The Taiwanese artist Au Ho-nien is one of the present third-generation masters of the Lingnan (South of the Mountains) School of painting which originated in the Guangdong area of southern China at the end of the 19th century. Lingnan is basically an ink-wash school of painting in which this artist somehow combines classical elements and composition with a modern feel of an immediacy of nature, the source of much of his inspiration, and Western elements of composition.
This is in keeping with traditional means of depicting spatial arrangements. His compositions are frequently bare of background, which the human eye does not treat as an absence, but rather as a lens through which emphasises the subject at hand. Where background is depicted, it appears as a very pale background or well-placed, shaped areas of blank space to represent it in its absence.
Sense of Daoist Balance in Taiwanese Artist Au Ho-nien’s Work
This is a very Daoist yin-yang expression of balancing the mystical combination of positive and negative, of existence and non-existence. In essence, the driving force of the school is an attempt to meld the traditional ways of late Imperial ink painting by incorporating unconventional influences from around the world, and in the case of this artist, calculated eccentricity.
Not only did his brush create landscapes and genre subjects, he often depicted animals, especially tigers and African lions, an unexpected subject for a Chinese artist, because he would sit at zoos for hours sketching them. This being said, these images of wild felines, in comparison to the inventiveness of his landscape and genre paintings, come across as trite.
The Lingnan School
Before the coalescence of the Lingnan School, its shadowy antecedents existed in southern China as early as the 17th century and its prominence was such that its influence was felt outside of China. In late the Ming dynasty, artists and art scholars divided styles of Chinese paintings into two categories, northern painting and southern painting. The northern was the orthodox branch in which painters were classically trained while the southern branch was unorthodox, painting in a free and expressive manner.
Japanese were forbidden to leave the country, but Japanese artists could see these southern works in imported Chinese books and actual paintings. This radical influence gained immediate purchase in the minds of Japanese artists and caused the creation of a like-thinking school in Japan, centred in Kyoto and Osaka, known as Nanga/southern painting, or Butsuga/scholar paintings.
Japanese Nanga Artists
This is why the works of Japanese Nanga artists like Tani Buncho (1763-1840), Ike no Taiga (1723-1776), and Tanomura Chikuden (1777-1835) look so strikingly similar to paintings in this exhibition of Taiwanese artists Au Ho-nien. One brilliant example of separating spaces is with ink. Another was emphasising the ‘frame’ by contriving to spread the composition with several separate paintings to create a panorama, here represented by his 1986 Eagles Perching on a Pine Tree.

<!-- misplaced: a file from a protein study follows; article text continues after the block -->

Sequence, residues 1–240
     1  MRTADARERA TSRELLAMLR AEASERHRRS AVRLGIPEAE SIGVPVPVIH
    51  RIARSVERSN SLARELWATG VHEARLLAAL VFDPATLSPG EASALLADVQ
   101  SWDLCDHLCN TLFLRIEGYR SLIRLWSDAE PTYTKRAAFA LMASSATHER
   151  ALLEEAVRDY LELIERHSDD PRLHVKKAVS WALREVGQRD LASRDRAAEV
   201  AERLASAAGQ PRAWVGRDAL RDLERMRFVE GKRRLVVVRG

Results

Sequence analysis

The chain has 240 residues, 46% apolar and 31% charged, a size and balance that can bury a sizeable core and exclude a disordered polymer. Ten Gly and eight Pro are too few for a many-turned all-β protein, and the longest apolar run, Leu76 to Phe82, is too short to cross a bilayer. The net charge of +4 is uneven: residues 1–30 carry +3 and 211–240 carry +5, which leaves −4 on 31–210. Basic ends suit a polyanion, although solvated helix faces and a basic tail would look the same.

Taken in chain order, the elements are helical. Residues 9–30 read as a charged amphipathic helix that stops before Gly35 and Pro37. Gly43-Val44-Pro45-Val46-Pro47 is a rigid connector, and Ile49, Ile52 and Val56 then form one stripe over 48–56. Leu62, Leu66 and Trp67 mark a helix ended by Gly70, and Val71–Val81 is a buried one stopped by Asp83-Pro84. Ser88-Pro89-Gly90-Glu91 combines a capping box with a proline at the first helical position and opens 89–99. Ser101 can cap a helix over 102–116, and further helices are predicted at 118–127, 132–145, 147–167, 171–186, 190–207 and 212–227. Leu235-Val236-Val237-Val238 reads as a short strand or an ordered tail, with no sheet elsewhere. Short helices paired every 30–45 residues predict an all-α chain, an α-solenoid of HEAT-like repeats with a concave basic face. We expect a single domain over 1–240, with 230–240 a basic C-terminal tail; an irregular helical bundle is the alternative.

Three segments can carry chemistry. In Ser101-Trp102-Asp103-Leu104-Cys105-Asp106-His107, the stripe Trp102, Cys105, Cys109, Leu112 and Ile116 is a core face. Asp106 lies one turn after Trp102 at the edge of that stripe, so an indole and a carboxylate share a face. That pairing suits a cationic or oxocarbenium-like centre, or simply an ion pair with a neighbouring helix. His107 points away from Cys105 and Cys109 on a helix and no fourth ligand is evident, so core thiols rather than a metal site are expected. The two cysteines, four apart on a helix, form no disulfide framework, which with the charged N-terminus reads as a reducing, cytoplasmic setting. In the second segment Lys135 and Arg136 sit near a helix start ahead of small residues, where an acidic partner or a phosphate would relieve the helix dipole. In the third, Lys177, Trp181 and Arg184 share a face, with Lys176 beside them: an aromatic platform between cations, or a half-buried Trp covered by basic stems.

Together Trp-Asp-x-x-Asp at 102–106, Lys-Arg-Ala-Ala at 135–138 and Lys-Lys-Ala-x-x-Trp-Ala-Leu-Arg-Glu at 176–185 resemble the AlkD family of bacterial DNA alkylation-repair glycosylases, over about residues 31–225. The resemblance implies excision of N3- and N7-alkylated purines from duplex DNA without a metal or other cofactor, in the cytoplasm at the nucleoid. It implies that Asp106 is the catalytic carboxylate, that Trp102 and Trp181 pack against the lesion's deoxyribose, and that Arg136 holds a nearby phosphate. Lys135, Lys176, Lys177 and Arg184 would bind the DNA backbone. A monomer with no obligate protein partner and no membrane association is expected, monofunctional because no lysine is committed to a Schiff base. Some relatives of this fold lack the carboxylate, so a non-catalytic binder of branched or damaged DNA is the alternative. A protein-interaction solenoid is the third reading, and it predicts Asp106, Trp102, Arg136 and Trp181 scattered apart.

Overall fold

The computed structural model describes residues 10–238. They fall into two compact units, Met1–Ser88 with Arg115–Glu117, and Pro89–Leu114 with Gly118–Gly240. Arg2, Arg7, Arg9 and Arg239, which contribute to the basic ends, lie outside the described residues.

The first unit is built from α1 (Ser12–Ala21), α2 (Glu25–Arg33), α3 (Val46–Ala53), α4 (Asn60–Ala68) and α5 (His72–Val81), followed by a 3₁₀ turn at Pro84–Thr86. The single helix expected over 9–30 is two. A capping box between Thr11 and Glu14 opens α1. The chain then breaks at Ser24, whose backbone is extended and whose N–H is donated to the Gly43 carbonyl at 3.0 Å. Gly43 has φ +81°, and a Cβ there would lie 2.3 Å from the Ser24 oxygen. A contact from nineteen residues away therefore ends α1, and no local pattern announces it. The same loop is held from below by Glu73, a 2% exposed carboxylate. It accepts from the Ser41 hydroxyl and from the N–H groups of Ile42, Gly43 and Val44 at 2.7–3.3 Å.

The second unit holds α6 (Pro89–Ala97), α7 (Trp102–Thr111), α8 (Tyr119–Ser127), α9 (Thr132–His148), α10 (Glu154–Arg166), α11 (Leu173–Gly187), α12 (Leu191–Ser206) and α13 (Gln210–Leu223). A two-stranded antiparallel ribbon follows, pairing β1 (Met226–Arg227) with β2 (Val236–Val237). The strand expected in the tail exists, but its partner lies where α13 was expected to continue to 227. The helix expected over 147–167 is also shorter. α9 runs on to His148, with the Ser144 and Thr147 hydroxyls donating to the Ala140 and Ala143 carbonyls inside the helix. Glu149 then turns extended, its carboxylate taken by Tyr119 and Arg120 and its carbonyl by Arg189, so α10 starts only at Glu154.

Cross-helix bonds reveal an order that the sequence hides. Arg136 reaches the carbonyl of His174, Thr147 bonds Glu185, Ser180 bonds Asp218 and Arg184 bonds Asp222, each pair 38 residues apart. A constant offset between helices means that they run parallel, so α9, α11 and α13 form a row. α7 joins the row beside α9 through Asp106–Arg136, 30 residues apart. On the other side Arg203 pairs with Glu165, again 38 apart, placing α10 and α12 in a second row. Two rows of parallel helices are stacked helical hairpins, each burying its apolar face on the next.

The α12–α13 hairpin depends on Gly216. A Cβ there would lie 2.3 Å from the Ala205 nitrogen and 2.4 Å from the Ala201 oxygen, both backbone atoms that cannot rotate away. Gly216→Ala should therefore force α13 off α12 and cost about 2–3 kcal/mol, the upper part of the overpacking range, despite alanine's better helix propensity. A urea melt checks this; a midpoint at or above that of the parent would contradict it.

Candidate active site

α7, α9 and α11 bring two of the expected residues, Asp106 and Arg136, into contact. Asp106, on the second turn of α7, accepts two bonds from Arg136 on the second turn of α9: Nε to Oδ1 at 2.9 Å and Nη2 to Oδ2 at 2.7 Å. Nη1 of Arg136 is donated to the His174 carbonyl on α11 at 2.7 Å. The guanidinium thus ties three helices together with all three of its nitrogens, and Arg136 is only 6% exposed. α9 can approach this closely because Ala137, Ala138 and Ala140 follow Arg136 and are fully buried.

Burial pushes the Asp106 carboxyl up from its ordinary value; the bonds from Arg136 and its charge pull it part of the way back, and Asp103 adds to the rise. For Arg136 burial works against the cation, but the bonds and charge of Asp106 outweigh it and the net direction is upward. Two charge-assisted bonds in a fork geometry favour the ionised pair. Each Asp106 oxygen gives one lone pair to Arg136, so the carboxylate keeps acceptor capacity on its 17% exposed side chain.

The multi-scroll scene is a horizontally meandering branch of an ancient pine on which perch a pair of eagles. The effect is almost startling in its proportions. The use of multiple hanging scrolls to create a single image is not new, but had traditionally been applied to multiples such as sets of flowers or genre scenes, but never before for a single object, in this case the pine branch that is contiguous across the four scrolls. This is another example of this artist’s ability to conceive compositions in such an unorthodox manner.
Compositions of Taiwanese artist Au Ho-nien
In his compositions that include human beings, he can depict his own sense of quirkiness and sly humour. One is his 2018 Scenery Around Taroko Gorge, a strongly vertical hanging scroll with a road below where an automobile is incongruously depicted, upsetting the placidity of what can be considered ‘nature’ at its most contemplative.
The use of red as a bold statement and focal point appears once again in his 2018 Bodhidharma in Red Robe. The 6th-century Daoist monk who is credited for crossing the Yangtse River while standing on a reed to bring Chan Buddhism to China, is seated on a meditation mat beneath a rocky overhang depicted contrastingly in slashes, pools and streaks of black ink.
Taiwanese artist Au Ho-nien has successfully mastered the sometimes-idiosyncratic juxtaposition, contrast and impressionistic handling of a variety of artistic skills by which he has successfully depicted the natural both as it is and how it might be. Five of the paintings of this Taiwanese art were especially created for the exhibition and have since been given as gifts to the museum.
BY MARTIN BARNES LORVER
Asian Art Museum of San Francisco, from 31 May to 25 August, asianart.org